. . .
Catholicism has reached a “tipping point”–initiated by the crisis but perpetuated by other unresolved issues–after which thoughtful Catholics, despite their faith and commitment, finally start to give up.
The case of Stephen Kiesle raises questions about whether and if so why then-Cardinal Joseph Ratzinger delayed for years the action requested to better protect young Catholics from a predator.
Michael Sean Winters, writing for the Jesuit magazine American, excoriates the secular press and defends Vatican handling of the case in which “the priest who tied up young boys and molested them sexually and whose request to be defrocked came before” Ratzinger.
Grant Gallicho at dotCommonweal strips Winters’ defense to the bone today. At the heart of the scandal, Gallicho finds damning questions:
So, why shouldn’t we raise questions about Rome’s role in the Kiesle case? Because the local bishop didn’t do enough, and besides Ratzinger didn’t receive a sufficiently detailed description of the priest’s crimes, and besides the process didn’t engage the proper canonical technicality? But we don’t have to choose to be troubled either by the local bishop or Ratzinger. We need not view the [Ratziner-headed Congregation of the Doctrine of the Faith] CDF’s shortcomings in indirect proportion to the local bishop’s, so that the CDF is absolved to the extent that the local bishop failed. The same pattern of argument emerged in the Murphy case. “What about Weakland’s responsibility?” Benedict’s defenders asked, as though that swept away the questions that remained about the pope’s role in the case. Yes, why didn’t Weakland restrict Murphy sooner? Why did he wait three years after learning of Murphy’s egregious sins before sending the case to Rome? Why didn’t Kiesle’s bishop restrict him sooner? But they appealed to Rome, so: why did the CDF wait three years after receiving all the information it requested from Cummins to reply? Why was a Vatican official unable to grasp what the Kiesle’s superiors meant when they gently referred to his abuse of minors, even going so far as mentioning his criminal conviction? Why wasn’t the conviction determinative?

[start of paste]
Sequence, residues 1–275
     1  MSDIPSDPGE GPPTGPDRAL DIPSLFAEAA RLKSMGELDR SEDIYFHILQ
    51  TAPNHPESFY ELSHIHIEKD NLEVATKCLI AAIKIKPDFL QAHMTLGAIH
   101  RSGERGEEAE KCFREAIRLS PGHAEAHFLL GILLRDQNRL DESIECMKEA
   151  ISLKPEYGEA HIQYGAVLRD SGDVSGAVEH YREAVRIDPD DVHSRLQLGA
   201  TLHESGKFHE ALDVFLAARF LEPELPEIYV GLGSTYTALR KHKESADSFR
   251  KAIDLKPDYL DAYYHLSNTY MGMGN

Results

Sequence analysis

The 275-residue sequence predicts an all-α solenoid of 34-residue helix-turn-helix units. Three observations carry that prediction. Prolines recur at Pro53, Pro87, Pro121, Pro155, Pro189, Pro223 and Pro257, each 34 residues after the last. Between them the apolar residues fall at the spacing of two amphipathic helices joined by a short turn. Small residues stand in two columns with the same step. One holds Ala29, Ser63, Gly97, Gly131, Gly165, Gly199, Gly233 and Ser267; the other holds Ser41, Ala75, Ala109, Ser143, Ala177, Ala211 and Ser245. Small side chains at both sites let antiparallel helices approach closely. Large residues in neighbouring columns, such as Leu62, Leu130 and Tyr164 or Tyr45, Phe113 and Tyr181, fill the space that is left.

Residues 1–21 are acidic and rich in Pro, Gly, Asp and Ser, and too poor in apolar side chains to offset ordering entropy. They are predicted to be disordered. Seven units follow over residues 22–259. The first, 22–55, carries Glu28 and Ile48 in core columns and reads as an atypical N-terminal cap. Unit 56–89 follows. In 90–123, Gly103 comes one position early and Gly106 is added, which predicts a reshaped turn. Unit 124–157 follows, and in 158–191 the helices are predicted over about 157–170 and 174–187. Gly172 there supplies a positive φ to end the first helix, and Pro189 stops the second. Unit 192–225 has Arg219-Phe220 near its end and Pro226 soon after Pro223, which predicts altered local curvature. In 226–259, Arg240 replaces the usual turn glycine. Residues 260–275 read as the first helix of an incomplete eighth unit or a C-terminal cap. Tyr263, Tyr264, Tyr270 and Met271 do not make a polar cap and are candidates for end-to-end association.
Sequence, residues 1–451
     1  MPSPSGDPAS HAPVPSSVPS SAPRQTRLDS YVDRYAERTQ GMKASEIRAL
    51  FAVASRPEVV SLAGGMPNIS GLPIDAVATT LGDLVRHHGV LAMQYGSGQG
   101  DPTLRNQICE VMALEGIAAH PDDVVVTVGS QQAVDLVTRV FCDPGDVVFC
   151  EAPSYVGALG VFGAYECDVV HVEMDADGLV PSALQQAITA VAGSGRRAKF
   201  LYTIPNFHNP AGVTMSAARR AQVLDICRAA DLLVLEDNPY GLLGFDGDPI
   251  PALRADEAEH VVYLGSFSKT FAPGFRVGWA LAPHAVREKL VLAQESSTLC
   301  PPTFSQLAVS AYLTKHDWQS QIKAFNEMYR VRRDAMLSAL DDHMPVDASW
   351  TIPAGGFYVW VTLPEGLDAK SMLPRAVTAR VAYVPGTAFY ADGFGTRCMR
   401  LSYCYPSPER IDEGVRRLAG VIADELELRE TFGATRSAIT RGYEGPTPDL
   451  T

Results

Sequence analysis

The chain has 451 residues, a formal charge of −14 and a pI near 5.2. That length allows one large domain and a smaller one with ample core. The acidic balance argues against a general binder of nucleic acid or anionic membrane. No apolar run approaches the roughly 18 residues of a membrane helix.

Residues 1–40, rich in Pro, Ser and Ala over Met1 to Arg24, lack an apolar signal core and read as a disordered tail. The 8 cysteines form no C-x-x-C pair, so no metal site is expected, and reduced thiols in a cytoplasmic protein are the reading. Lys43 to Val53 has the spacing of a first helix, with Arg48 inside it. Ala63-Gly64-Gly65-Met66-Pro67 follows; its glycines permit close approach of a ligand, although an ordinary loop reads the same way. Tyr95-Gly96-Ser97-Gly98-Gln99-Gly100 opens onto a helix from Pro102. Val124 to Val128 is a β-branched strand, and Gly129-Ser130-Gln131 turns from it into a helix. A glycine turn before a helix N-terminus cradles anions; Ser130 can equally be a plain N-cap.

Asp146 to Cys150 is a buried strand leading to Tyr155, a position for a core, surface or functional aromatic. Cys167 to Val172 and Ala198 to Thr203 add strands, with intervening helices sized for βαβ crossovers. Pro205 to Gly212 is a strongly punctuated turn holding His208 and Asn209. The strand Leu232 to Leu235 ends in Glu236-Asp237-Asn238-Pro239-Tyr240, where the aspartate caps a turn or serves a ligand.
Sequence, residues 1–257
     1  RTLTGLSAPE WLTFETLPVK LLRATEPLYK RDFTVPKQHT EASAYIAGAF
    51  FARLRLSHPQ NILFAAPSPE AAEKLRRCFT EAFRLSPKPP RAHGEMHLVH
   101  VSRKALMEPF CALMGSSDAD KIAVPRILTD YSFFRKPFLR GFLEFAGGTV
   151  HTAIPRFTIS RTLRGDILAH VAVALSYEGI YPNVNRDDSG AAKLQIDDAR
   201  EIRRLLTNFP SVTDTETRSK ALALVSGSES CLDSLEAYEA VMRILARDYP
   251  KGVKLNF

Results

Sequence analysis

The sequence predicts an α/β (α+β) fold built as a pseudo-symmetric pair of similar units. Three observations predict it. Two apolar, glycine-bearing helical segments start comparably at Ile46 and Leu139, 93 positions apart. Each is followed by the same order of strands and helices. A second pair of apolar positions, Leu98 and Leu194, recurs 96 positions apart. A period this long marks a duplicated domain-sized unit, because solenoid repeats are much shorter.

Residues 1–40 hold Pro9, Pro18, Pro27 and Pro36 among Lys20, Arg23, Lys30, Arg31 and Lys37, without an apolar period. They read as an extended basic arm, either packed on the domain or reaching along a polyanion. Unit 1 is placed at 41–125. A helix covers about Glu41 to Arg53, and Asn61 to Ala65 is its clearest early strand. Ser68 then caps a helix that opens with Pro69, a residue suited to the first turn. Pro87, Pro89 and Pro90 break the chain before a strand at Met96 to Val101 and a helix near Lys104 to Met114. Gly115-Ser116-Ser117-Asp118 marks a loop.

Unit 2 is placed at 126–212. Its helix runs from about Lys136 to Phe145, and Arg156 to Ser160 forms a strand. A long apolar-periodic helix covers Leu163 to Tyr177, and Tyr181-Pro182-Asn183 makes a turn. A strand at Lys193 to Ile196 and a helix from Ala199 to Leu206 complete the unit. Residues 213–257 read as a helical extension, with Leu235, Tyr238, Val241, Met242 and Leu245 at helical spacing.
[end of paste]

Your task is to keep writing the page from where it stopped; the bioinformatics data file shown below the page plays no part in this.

And then there are the larger questions: Why was Ratzinger on this case? Benedict’s defenders have claimed that he shouldn’t be blamed for Rome’s failure to address abuse claims promptly because he wasn’t officially responsible for such cases until 2001. Obviously that isn’t the whole story. Why not? Why was Ratzinger not really engaged in the Murphy case, which involved the abuse of as many as 200 deaf boys, but he was directly responsible for the decision not to release Kiesle from the full obligations of the clerical state? When Kiesle was finally fully laicized at age forty, whose decision was that? Ratzinger’s?
Certainly smoke enough to imply a gun as we struggle with questions Benedict could answer but does not.
The Rev. Stephen Kiesle remained a priest for years while then-Cardinal Joseph Ratzinger “bucked pleas from the Oakland, Calif., diocese to defrock him.” The Associated press has obtained a copy of 1985 letter signed by Ratzinger (now Pope Benedict XVI), delaying a decision for “the good of the Universal Church.”
The Contra Costa Times reports:
The letter came five years after Kiesle himself requested removal from the priesthood, and the diocese recommended it to the Vatican, following Kiesle’s no-contest plea in 1978 on a misdemeanor charge for tying up and molesting two preteen boys in the rectory of Our Lady of the Rosary Church in Union City.
Kiesle, now 63 and recently released from prison, lives in the Rossmoor senior community in Walnut Creek and wears a Global Positioning System anklet. He is on parole for a different sex crime against a child. A self-described “Pied Piper of the neighborhood,” he is perhaps the most notorious among dozens of East Bay clergy accused of sex abuse over decades.
Numerous accusers have claimed he abused them as children at Our Lady of the Rosary, Santa Paula (now Our Lady of Guadalupe) in Fremont and Saint Joseph in Pinole, where he served in the mid-1970s, then returned in 1985 to volunteer as a youth minister.